There were the electric cars, the climbing wall, the sustainable village and all the other things that Democrats like to show off on display at CarolinaFest, the street festival that kicked off the Democratic National Convention here Monday.

And then there was the real purpose of the event, at least for President Obama’s campaign.

“You want a free bumper sticker?” a young Obama worker shouted to people passing the president’s campaign booth, standing three feet above them like a 21st-century carnival barker. “Text 62262 and you can have one. Did you do it? Perfect! Here you go.”

In the space of a few hours, organizers had passed out hundreds of bumper stickers, collecting just as many cellphone numbers and — they hope — new recruits who could help replicate the grass-roots force that grew out of the convention in Denver four years ago. Others trolled the crowd, estimated at 30,000, with clipboards looking for would-be voters to register. And volunteers asked for signatures to support women’s initiatives and Obama’s health-care law.

“There are a lot of volunteers passing by,” said Samantha Steiner, 27, a Charlotte resident and registered independent who is not sure who she will vote for in November. “I don’t necessarily identify with the Democratic Party, but the festival has allowed me to find ways to participate.”

CarolinaFest was meant to be many things for the Democratic Party. It was a classic Labor Day street party, with water-ice stands, funnel cakes and bouncy slides. It was a public-relations parade intended to portray Democrats as inclusive (it was free and open to the public), compassionate (it featured dozens of good-works demonstrations) and fun (who doesn’t like a climbing wall?).

The festival was interrupted twice during the day by short-lived but torrential downpours, and it was cut short by the threat of severe weather. James Taylor, the headline performer, was singing when organizers called it a night in the early evening.

In some cases, the politics and the party were an odd mix.

At one end of the festival, White House Communications Director Dan Pfeiffer was spotted walking down the street in a suit and button-down shirt, taking in the scene.

At the other end, organizers with the North Carolina AFL-CIO beckoned passers-by with a provocative offer: “Free hugs from union thugs!”

“You ready for a hug?” Lora Banner, a Teamsters member and United Parcel Service worker from nearby Gaston County in a blond up-do, asked one man who had strayed closer to the tent. “Come on over here!” She put her arms around him.

Irritated that the Democrats chose to hold their convention in North Carolina, considered a non-union-friendly state, many labor groups scaled back or yanked their financial support for the event. The state AFL-CIO, however, opted to reach out for the folks on the street. By 4 p.m., a team of volunteers including schoolteachers, firefighters and other card-carrying union members estimated they had doled out about 400 hugs — and handed out cards showing how huggees could find a photo of their embrace on the organization’s Web site.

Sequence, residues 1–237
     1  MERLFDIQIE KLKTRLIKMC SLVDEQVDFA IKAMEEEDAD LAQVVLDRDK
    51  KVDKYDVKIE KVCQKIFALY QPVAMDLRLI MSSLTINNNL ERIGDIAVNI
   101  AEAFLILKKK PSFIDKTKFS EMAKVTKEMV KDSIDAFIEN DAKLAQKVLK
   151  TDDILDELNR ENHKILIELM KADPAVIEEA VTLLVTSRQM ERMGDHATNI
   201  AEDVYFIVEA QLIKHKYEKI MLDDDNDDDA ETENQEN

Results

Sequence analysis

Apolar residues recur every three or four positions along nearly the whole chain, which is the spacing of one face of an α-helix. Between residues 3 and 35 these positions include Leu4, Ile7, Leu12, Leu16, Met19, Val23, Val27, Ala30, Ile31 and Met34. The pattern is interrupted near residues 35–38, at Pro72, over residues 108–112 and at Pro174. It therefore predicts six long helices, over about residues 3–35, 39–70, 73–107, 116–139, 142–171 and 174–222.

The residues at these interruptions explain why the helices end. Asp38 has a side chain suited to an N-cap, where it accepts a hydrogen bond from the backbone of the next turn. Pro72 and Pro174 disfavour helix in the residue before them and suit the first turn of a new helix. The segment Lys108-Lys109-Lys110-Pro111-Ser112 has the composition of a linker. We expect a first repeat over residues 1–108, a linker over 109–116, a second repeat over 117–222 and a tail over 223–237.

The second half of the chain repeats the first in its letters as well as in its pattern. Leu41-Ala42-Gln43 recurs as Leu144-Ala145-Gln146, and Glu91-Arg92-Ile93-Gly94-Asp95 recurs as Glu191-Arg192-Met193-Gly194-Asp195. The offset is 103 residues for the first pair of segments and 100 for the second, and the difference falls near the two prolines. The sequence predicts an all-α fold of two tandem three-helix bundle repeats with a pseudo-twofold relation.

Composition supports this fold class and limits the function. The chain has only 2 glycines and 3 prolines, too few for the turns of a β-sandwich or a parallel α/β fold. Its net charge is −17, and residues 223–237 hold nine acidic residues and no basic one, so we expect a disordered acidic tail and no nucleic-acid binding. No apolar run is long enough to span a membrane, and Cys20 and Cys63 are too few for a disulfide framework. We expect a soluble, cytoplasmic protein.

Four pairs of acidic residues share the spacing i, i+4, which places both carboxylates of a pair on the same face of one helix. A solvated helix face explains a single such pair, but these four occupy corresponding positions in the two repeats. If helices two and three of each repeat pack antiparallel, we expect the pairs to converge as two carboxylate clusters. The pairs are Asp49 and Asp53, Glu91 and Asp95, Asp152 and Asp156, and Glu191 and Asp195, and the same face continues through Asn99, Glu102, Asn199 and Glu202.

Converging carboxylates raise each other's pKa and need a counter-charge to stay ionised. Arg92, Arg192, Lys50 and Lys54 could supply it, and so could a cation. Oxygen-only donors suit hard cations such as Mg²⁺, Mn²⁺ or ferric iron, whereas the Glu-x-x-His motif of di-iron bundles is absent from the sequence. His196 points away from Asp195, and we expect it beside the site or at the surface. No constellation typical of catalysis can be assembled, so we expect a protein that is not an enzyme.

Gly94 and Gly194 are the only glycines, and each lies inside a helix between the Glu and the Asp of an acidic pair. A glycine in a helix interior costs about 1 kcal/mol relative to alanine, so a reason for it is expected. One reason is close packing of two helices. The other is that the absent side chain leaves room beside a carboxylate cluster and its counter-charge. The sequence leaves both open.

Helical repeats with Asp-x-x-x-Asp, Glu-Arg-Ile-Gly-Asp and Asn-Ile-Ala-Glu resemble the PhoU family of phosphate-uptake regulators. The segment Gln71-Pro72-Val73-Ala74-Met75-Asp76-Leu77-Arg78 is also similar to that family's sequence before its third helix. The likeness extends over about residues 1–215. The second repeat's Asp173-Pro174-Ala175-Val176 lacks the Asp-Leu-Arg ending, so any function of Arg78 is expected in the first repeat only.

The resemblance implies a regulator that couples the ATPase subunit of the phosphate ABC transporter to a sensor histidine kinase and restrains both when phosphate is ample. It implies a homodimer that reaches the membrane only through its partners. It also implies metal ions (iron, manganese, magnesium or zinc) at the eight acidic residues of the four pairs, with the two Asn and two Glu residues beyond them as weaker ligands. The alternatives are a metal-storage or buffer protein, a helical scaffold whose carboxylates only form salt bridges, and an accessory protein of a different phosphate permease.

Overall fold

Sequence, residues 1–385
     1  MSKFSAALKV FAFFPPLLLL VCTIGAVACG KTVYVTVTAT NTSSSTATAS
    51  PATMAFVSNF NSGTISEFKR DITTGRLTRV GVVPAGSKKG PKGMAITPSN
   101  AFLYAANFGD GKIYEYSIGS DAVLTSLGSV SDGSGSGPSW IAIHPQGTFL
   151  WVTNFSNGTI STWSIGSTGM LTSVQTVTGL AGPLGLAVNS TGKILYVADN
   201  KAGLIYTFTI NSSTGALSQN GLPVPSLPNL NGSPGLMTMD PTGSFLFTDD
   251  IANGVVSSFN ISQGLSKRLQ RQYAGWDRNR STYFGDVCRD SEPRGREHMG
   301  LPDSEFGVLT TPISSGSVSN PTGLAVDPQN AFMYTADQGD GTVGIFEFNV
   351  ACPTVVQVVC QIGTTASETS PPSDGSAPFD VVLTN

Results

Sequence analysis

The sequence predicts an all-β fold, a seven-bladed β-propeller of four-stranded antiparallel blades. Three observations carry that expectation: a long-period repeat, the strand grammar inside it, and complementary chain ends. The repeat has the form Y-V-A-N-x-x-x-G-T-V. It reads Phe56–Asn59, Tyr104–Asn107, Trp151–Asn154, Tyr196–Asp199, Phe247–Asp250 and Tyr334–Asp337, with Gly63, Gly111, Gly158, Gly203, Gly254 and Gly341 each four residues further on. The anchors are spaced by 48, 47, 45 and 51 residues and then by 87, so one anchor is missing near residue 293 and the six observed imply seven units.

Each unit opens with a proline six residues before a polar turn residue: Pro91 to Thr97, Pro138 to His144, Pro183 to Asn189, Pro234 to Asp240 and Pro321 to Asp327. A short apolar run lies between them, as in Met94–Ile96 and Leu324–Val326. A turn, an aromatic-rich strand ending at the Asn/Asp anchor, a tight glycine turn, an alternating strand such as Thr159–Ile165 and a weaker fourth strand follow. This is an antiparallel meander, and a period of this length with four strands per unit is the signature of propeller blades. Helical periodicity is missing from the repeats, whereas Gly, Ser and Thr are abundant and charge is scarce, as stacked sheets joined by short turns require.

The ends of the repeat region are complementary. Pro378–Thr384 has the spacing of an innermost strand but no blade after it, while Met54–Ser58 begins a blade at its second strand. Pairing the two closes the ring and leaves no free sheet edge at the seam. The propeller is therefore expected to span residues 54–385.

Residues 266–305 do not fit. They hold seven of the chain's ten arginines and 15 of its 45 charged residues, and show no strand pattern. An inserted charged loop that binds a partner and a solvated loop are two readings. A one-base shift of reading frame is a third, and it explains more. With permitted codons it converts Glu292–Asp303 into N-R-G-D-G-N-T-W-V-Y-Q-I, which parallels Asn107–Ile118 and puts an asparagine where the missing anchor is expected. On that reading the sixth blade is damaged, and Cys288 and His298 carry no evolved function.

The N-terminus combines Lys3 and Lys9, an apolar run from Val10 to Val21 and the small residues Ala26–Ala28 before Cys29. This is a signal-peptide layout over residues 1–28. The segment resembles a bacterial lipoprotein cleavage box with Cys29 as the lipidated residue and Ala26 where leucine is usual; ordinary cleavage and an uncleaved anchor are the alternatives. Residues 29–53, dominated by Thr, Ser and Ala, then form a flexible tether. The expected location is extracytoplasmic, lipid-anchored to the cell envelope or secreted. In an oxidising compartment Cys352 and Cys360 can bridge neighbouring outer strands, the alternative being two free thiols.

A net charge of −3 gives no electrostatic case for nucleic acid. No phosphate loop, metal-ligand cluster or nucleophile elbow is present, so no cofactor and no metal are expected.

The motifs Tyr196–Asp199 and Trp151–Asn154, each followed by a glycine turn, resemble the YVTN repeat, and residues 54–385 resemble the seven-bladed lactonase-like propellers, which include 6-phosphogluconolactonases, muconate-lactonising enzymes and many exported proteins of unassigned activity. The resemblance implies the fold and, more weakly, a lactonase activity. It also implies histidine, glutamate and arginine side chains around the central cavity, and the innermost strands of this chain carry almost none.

“We thought it was a good way to show that union members are not scary people,” said MaryBe McMillan, secretary treasurer of the state group.

Even one of the centerpiece debates of the election campaign played out as street festival fare.

Gagandeep Mangat, a radiologist from St. Petersburg, Fla., stood beside an RV belonging to Patients Over Politics, an initiative led by physicians in support of the Obama health-care law.

“We are a group of physicians who want to make sure that people understand why it is important that we have this law,” he said.

As he tried to explain, he was interrupted by a California woman who wanted to know whether he supported adding a “holistic medicine component” to the law. Mangat emphasized the importance of simply preserving the law. “If we have the law then we could add anything to it,” he said.

Though the group is officially non-partisan, the doctors, who drove the RV from the Republican convention in Tampa to Charlotte, are also embarked on a voter registration effort they hope will help preserve the law.

“This started because as doctors we were so frustrated that our health-care system was not working for the patients,” said one of the group’s founders, Alice Chen, an internist from Los Angeles, “and the only people talking about it were either policy people or politicians.”

Even the most lighthearted features of the festival carried a political, or at least cultural, message: A “Peace In, Peace Out” yoga booth. A “Youth Soccer for Social Change” game underway in a parking lot. “Naturals for Obama,” a support group of black women who don’t straighten their hair.

Looming over all of that was a message from the Charlotte Diocese — a banner across the exterior wall of St. Peter’s Catholic Church reading: “Protect the Unborn, defend marriage, safeguard religious liberty.”

Amy Argetsinger, Ann Gerhart and Ed O’Keefe contributed to this report.